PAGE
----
I've heard that if you're a good programmer, you should be able to pick up a
new language in a few days. And I've done this myself, I learned the basics of
Go a few months ago. Built some command line programs and a web app with it,
all in a few days.
Yet, what does it take to really learn a new language? To master it? Sure,
there are some concepts that translate well from language to language, but some
languages have their own thing going on. It usually takes a little longer to
even learn the basics of those languages.
To go beyond the basic concepts, you have to invest a lot of time into the
language. You have to learn how to program idiomatically in it. I wouldn't go
as far as saying that you have to spend 10,000 hours practicing a language, but
I do think you have to spend at least a thousand hours to know it really well.
On top of that, most languages have a whole ecosystem of associated tools that
Grunt (Gulp seems to follow),
Bower, and NPM (and
Yeoman most recently). You can't really say you have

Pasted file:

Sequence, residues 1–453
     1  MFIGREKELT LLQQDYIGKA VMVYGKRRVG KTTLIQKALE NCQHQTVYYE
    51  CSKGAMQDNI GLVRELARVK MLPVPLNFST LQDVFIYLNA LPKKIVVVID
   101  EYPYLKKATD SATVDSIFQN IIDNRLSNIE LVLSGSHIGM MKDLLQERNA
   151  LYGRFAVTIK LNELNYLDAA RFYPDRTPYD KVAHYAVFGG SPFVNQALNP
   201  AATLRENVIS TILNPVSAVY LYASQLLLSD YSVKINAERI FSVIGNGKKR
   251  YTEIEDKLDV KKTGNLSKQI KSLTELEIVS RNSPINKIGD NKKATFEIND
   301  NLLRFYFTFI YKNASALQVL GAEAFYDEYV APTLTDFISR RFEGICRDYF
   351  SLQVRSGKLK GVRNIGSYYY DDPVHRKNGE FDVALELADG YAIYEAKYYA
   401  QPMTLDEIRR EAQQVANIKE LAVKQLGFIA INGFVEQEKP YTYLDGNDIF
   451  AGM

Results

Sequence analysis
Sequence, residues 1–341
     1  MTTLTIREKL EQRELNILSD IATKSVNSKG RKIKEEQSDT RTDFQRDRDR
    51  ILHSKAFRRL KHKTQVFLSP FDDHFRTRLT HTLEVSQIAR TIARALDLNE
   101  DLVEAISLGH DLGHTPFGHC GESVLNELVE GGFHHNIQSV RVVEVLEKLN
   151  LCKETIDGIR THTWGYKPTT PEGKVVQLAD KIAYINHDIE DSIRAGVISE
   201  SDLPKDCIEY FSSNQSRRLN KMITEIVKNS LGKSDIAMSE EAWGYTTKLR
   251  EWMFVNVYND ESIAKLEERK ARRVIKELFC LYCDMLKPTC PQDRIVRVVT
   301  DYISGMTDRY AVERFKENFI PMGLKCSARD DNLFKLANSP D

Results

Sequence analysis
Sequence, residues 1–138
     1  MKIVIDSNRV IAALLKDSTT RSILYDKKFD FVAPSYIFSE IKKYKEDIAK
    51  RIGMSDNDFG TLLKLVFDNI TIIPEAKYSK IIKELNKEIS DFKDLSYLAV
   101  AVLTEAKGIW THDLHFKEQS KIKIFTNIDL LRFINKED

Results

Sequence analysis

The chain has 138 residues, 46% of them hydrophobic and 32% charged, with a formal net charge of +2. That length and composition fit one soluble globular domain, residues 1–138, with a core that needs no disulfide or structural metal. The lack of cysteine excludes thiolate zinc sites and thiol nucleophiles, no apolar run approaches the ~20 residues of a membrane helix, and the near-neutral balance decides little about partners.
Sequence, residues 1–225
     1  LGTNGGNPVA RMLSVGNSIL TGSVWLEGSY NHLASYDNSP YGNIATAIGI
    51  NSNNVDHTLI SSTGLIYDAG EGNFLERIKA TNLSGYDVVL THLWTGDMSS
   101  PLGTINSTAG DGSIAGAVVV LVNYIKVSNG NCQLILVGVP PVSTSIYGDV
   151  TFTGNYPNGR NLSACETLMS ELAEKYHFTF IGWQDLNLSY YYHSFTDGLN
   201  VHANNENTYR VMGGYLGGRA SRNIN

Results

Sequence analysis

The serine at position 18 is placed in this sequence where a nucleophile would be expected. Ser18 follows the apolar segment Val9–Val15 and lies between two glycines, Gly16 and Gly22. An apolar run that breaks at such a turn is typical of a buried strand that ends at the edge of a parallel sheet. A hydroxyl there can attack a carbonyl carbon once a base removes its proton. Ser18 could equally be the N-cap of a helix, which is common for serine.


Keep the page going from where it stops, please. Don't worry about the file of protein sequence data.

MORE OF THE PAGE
So after learning the language and learning all these tools, you must be a
master in this language, right? Well, you're wrong. You see, most languages
(even the unpopular ones) have something else associated with it: a community.
Sometimes the community is really visible (for example, the Python
If you want to truly master a language, you should be part of its community.
The community influences the language in many ways. Usually, the community
influences the tools, new language features, libraries, frameworks, and so on.
So if you have invested yourself into a language, you should also become part
of the community.
Now you have accomplished all of the above: you have spent quite a few hours
programming in the language, you have a broad knowledge of all its tools, and
you're part of the community. Is that enough? No! You have to keep up to date,
learning (or proposing) new features, tools, learning new libraries and
frameworks. You could even build some of those yourself!
Finally, note that you don't have to do all this. If you really like a
language, go ahead. I believe it is worth the effort. Yet, I don't consider
myself a master of any language. There's just way too much to learn and to do.
I prefer having enough knowledge in a few languages and getting things done in